November 18 – November 24, 2019
Monday: Leftover Chop with caper sauce, Saffron Risotto and Greens
Tuesday: Leftover Pasta with Salad and bread sticks
Wednesday: Sicilian Chicken Salad
Friday: Pizza Bianca with Pumpkin
Saturday: Bangers and Mash
Sunday: Roast Chicken, Carrot and Potato Puree, Salad
I had to get this post out of the way before Thanksgiving, because I do not want you comparing our feeble recipes to whatever world-class holiday dish your great grandmother handed down to you. (That’s my pre-emptive excuse for the brevity of this post and the solecisms it will contain, since there’s not enough time to ask Beez to proofread . And isn’t that subtle compliment to your great grandmother reason enough to cut me some slack?)
Here goes: If you’re like us (well, I don’t mean exactly, but in the same ball park), you probably experience refrigerator back-up from time to time. Just last week, in order to find the half-and-half for my coffee, I had to move two tubs of grated cheese, three containers of food from the Brilliant Market, a Jar of pepperoncini, a pint of milk, a bottle of tomato purée, and one of those solid Land-o-Lakes bricks of butter out of the way. After putting everything back, I needed oxygen and several Advil to recuperate from the effort. Clearly, this is no way to run a pantry.
So last week I reheated leftovers, or cooked things already in stock, almost exclusively. (The only thing I bought was a chicken, a can of pumpkin purée, and some currants.) Our two favorite meals were the bangers and mash and the Sicilian Chicken Salad. If you can’t figure out bangers and mash on your own, you have our condolences. And here’s a recipe for chicken (turkey) salad that will help you deal with refrigerator back-up, specifically with those annoying, space-taking-up chicken carcasses. This is so good that you may find yourself cooking a chicken simply to make this salad. It has a few moving parts and you really do need to use currants (raisins just don’t lend that wow-factor bump that rehydrated currants do), but you’ll spend more time shredding the chicken than making the salad – an easy and delicious way to unclog your refrigerator.
This is adapted from Samin Nosrat’s Salt Fat Acid Heat, an inspiring cookbook that illustrates techniques particularly adapted to refrigerator review, based on techniques using interchangeable (but similar) ingredients. So, while this recipe was based on chicken, feel free to use that leftover turkey.
SICILIAN CHICKEN (TURKEY) SALAD
(adapted from Samin Nosrat, Salt Fat Acid Heat)
True to Samin’s own methods, we substituted Belgian endive for the fennel she suggests, since we had it in the refrigerator. If you decide to use the fennel and invite us over, we’ll certainly eat it. But the celery already gives you the same crunch as fennel and the endive is easier to handle and lends another texture, a sort of lesser crunch to the whole shebang.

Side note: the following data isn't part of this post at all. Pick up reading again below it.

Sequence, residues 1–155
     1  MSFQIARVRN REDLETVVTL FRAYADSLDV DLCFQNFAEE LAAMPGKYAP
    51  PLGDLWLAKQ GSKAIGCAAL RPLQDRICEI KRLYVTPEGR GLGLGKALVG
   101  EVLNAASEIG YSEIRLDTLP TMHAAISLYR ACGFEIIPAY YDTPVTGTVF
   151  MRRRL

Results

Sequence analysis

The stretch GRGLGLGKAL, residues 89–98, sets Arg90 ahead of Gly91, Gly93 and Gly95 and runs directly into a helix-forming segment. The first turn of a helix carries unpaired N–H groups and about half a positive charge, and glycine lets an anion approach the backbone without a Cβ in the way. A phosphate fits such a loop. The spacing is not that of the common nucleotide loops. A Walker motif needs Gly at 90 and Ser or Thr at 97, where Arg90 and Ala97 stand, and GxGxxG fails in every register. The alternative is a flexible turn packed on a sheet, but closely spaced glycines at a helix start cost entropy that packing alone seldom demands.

Timing: 15 minutes
Ingredients: Serves 4 as a main course – 8-10 as a side
5 cups shredded chicken. That’s about what you’ll get from a 4-5 lb. rotisserie, home-roasted or poached chicken. NOTE: Take the time to remove all tendons, cartilage or membrane from the chicken. This is only slightly tedious and, unless you’re serving dinner to your sworn enemies, the decent thing to do.
½ red onion sliced (maybe 1/3 of those soft-ball sized onions sold by Giant Eagle)
½ cup currants (see note above – you really want currants, not raisins, in this recipe)
1 cup stiff aioli (a scant cup of Hellman’s will work just fine here)
1 teaspoon grated lemon zest
2 tablespoons of lemo juice
3 tablespoons of chopped parsley
3 small or 2 large celery stalks, diced (Samin calls for 2 small stalks, but then she adds the fennel)
We did not use – ½ medium fennel bulb, diced – we substituted one Belgian endive, halved and then slice into thin half moons.
2 teaspoons ground fennel seed (We just put whole fennel seed into a coffee grinder. You’ll find that the taste is superior to the pre-ground stuff which has sat in a jar for who knows how long. And, you’ll save money.)
Combine the onion and the vinegar in a bowl and let sit for 15 minutes.
In another bowl, pour boiling water over currants and let them sit for 15 minutes to plump up.
Shred the chicken.
Assemble the Salad:
Drain the currants and put them into a large bowl. (You need one large enough to toss all of the ingredients together.)
To that bowl add the chicken, aioli, lemon zest, lemon juice, parsley, pine nuts, celery, either the fennel or the endive, the ground fennel seed and some generous pinches of salt. Stir to combine.
Now drain the onions and add them and stir. Taste and add salt or vinegar, if needed.
We followed Samin’s advice to serve on toasted slices of country bread (our own, baked from Jacques Pépin’s easy recipe in Cooking from the Heart – but any crusty loaf will do).